Boating has been a lifelong passion. My first two books, Against the Odds (Personal Library Press, 1981), and Trials (Macmillan of Canada, 1984), with coauthor Jeff Boyd, were about yacht racing. I also provided the text for photographer Sharon Green’s Ultimate Sailing (Stoddart, 1998), and I was coauthor (with Steve Killing) of Yacht Design Explained (W.W. Norton, 1998). Scratch the surface of many of my other books and you’ll find a boat or two. John Molson was a global pioneer in commercial steamboats and first crossed the Atlantic in a 50-gun Royal Navy warship. Much of the narrative in God’s Mercies and Half Moon takes place on vessels of some kind, ranging from canoes to shallops to pinnaces to a Dutch jaght.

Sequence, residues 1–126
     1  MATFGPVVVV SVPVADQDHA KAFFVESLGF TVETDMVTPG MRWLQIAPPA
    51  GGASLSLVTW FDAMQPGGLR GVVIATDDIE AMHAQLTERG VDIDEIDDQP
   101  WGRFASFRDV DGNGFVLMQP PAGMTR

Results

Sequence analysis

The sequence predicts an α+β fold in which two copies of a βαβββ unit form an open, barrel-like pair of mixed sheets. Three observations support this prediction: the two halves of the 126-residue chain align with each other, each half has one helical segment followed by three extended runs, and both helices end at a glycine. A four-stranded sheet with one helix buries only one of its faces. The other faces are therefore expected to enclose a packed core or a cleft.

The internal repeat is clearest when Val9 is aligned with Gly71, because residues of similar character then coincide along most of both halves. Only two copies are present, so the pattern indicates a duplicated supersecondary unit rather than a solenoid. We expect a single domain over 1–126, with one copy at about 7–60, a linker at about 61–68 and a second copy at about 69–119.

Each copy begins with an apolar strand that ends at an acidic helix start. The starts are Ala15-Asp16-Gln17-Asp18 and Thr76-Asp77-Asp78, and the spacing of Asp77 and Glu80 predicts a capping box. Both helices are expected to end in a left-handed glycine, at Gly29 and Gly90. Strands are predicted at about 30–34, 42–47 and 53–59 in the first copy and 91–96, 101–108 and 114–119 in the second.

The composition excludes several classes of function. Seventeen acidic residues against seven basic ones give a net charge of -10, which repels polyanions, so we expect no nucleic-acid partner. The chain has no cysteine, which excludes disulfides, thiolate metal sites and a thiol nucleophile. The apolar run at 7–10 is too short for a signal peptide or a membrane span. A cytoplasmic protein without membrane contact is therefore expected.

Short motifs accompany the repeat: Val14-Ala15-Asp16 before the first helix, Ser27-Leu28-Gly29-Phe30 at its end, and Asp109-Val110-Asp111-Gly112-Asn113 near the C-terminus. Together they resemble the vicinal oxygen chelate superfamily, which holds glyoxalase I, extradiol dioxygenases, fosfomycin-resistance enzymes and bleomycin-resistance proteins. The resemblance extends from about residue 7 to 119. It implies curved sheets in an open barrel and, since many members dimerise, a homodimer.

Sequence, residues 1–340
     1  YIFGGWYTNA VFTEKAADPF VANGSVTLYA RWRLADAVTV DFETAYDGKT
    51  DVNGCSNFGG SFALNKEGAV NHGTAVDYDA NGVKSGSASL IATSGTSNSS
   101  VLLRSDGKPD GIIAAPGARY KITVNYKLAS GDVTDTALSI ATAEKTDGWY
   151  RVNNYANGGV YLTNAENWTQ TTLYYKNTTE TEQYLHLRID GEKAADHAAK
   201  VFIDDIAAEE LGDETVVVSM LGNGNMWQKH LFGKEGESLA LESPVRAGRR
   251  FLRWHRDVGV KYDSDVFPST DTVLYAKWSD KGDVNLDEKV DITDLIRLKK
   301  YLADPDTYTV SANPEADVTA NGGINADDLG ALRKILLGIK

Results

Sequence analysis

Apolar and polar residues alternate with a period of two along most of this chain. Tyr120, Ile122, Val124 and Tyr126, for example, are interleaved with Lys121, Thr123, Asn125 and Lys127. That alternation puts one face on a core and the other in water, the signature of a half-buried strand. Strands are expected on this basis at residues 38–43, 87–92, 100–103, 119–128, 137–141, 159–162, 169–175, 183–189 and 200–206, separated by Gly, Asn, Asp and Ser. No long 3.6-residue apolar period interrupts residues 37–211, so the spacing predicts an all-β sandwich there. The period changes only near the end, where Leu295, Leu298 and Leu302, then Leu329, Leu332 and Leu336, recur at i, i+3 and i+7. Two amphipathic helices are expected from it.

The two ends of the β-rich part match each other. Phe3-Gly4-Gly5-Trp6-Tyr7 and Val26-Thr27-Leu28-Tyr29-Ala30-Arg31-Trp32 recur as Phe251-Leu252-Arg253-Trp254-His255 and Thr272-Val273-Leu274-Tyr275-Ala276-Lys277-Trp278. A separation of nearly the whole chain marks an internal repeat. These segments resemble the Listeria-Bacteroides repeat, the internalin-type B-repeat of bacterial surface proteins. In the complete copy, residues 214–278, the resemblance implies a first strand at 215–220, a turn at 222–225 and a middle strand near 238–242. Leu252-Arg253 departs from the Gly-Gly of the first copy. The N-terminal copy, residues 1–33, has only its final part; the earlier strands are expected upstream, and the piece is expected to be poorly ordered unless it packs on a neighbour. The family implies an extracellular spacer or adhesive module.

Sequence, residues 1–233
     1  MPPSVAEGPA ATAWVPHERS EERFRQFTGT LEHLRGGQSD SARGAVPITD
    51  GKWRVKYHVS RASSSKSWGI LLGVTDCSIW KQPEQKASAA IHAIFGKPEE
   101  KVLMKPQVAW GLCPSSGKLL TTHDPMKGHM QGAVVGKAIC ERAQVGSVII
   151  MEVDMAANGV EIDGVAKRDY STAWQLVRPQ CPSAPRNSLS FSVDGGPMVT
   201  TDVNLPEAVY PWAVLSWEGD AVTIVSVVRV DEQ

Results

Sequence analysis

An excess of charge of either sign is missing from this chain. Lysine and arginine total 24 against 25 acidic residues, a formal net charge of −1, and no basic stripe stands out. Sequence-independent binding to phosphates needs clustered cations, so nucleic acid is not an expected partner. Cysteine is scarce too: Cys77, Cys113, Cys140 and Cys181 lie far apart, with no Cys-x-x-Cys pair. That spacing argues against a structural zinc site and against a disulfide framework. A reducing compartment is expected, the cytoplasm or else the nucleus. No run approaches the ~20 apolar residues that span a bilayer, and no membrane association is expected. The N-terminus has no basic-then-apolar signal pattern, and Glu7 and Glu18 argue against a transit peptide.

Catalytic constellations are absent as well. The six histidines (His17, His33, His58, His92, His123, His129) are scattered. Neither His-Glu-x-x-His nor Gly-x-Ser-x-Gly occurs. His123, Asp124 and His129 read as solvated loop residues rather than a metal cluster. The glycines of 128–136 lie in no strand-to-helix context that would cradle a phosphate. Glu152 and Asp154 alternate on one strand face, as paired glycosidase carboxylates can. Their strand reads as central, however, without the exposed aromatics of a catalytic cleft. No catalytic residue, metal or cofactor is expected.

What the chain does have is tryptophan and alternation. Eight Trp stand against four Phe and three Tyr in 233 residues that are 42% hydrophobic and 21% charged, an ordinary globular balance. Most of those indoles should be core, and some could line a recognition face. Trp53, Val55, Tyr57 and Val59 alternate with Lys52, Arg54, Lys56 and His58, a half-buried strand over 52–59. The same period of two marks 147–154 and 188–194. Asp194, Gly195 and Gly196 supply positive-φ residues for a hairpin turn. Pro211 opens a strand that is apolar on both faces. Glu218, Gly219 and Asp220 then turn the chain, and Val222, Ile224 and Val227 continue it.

I wrote a half-dozen books on hockey, and was particularly interested in the social history of the game, particularly in how players’ rights evolved over the history of the professional game. My interest in the intersection of the sport with culture may have been best expressed in War Games (Penguin Canada, 1996), which explored the convergence of hockey, politics and combat in Canada during the conscription crisis of the Second World War.
While I have yet to write a book on the subject, the environment has provided a steady stream of subject matter for my magazine writing, and this interest has informed the content of a number of my books. The natural history of the Hudson RIver is so important to Half Moon that the river almost qualifies as a character in its own right.